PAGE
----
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Friday's papers: Graduate brain drain, Estonia reduces alcohol tax, fatal police car crash, and a disgruntled bar customer

Why Finland is losing graduates, alcohol prices drop in Estonia, serious car crash near Jämsä, and an angry bar customer

Juomakärryä vedetään satamassa.
Reductions in alcohol tax in Estonia are likely to cause an increase in the number of Finnish alco-tourists. Image: Yle

A feature article in the Kuopio-based daily Savon Sanomat reports that only a third of foreign graduates remain in Finland three years after graduating, with the Finnish language cited as a significant contributing factor in why graduates do not stay.

According to the article, 40 percent of Master's graduates remain in Finland three years after obtaining their qualification, while only 31 percent of graduates from Polytechnic Universities choose to stay.

The paper quotes Tapio Varmola, of the Rectors’ Conference of Finnish Universities of Applied Sciences, as he calls for decisive government action to keep foreign graduates in Finland.

"This is a big deal. Despite all the talk, Finland has not done much to promote labour-related immigration," the paper reports Varmola as saying.

Estonia cuts alcohol tax

Tabloid daily Ilta Sanomat reports that the Estonian parliament's decision to reduce tax on alcohol is likely to lead to a reversal of the recent trend of Finns travelling to Latvia for their alcohol needs, and make a return to the traditional Tallinn route. Since Estonia joined the EU in 2000, Finns have been making the ferry trip across the Baltic Sea en masse to the avail of cheaper alcohol prices.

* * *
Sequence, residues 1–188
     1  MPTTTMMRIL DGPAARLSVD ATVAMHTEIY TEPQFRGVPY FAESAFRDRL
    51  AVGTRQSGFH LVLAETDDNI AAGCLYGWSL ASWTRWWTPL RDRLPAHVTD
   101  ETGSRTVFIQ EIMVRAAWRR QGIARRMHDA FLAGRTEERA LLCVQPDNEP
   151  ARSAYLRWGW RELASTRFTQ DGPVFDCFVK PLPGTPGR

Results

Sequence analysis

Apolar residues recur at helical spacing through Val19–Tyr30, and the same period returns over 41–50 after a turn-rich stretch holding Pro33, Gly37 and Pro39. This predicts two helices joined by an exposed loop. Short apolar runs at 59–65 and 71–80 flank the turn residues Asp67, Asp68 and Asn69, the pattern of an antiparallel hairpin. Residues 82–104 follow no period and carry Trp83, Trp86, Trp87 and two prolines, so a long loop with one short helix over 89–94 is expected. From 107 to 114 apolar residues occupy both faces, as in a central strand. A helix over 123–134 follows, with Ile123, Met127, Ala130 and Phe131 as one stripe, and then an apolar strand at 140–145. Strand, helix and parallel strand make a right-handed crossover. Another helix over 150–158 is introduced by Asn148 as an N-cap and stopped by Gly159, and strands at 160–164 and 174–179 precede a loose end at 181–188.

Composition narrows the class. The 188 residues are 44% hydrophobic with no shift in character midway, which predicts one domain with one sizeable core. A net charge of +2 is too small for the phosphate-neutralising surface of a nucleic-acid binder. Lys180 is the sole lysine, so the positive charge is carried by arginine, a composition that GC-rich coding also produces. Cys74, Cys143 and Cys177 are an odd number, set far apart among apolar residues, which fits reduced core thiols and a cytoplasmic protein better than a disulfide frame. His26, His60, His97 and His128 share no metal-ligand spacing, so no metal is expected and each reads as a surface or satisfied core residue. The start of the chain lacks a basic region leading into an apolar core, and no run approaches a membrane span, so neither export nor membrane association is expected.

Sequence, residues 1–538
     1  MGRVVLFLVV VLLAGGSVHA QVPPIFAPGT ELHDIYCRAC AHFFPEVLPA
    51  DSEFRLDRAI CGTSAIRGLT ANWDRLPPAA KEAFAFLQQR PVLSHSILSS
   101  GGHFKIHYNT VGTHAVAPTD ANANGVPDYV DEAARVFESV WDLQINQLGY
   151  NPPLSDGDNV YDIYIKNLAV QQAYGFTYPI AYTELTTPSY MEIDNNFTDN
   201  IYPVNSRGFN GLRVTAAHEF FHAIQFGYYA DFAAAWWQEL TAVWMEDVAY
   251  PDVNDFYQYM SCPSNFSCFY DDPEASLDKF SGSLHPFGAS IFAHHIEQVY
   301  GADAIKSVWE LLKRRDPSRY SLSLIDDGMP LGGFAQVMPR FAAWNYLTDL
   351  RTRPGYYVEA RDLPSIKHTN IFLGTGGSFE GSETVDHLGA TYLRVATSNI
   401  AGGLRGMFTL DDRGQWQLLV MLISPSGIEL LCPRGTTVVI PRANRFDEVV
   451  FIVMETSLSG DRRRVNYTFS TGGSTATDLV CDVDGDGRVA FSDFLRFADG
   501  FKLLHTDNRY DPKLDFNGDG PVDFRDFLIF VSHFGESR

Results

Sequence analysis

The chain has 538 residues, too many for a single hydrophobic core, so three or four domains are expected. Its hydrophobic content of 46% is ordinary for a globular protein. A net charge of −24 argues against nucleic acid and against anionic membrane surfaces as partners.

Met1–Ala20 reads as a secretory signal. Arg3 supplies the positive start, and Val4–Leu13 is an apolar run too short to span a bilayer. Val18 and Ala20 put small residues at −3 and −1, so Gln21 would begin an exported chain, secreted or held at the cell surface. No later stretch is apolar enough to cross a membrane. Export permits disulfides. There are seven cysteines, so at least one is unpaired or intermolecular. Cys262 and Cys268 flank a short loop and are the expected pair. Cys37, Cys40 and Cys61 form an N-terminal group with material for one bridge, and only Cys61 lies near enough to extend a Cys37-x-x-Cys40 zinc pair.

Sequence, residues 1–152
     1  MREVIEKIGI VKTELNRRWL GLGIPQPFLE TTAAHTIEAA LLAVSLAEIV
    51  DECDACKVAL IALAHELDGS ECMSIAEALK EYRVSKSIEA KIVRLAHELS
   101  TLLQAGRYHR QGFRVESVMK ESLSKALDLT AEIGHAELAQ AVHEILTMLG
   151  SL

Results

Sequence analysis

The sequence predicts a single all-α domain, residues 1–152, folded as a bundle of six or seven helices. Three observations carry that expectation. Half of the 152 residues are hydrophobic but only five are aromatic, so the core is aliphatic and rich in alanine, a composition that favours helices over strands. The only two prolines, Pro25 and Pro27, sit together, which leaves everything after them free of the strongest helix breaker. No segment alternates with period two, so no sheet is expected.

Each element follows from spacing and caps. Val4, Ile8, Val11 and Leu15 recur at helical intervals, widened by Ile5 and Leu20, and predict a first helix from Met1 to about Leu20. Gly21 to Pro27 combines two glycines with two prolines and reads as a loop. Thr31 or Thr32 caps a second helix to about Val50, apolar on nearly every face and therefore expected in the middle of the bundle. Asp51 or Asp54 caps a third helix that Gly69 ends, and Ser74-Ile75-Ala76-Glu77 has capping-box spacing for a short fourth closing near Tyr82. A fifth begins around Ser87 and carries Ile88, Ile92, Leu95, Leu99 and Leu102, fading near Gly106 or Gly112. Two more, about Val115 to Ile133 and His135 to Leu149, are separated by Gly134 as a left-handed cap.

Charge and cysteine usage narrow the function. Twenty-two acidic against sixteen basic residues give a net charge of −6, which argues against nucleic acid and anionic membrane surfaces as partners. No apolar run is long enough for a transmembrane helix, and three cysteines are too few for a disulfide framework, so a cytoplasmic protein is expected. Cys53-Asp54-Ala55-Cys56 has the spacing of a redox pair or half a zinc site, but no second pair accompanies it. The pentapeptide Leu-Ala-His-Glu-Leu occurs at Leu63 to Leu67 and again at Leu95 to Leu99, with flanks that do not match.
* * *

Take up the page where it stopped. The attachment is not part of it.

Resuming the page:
However, recent tax increases and price hikes in Estonia have led to many Finns taking their custom elsewhere - to Valka in Latvia. The move by the Estonian parliament to reduce alcohol taxes is widely regarded as an attempt to win back their previously-loyal Finnish customers.

The change in excise duty comes into effect from the beginning of July, and only applies to spirits, beer, cider and long drinks. The taxation of wines and sparkling wines will not change, according to the tabloid.

Fatal police car crash

Many papers carry the story of a two-car collision near the city of Jämsä in Central Finland involving a civilian vehicle and a police car. According to a report in the tabloid Iltalehti, the accident occurred when the civilian car veered onto the wrong side of the road and into the path of the oncoming police vehicle.

The driver of the civilian car was killed in the accident. The passenger in the civilian car, as well as the two police officers were also seriously injured. All were taken to Tampere University Hospital.

Customer drives through bar window

In Turku, Turun Sanomat reports on a local man who took considerable exception to being fined by the police after he failed to pay a taxi fare. The retirement-aged man arrived at his regular bar by taxi, but failed to pay the fare. The taxi driver called the police, and they issued a fine to the man. He was also asked to leave the premises.

The man returned some time later with his own car, and drove through the front window of the bar on the city's Humalistonkatu. Fortunately no-one was injured in the incident.

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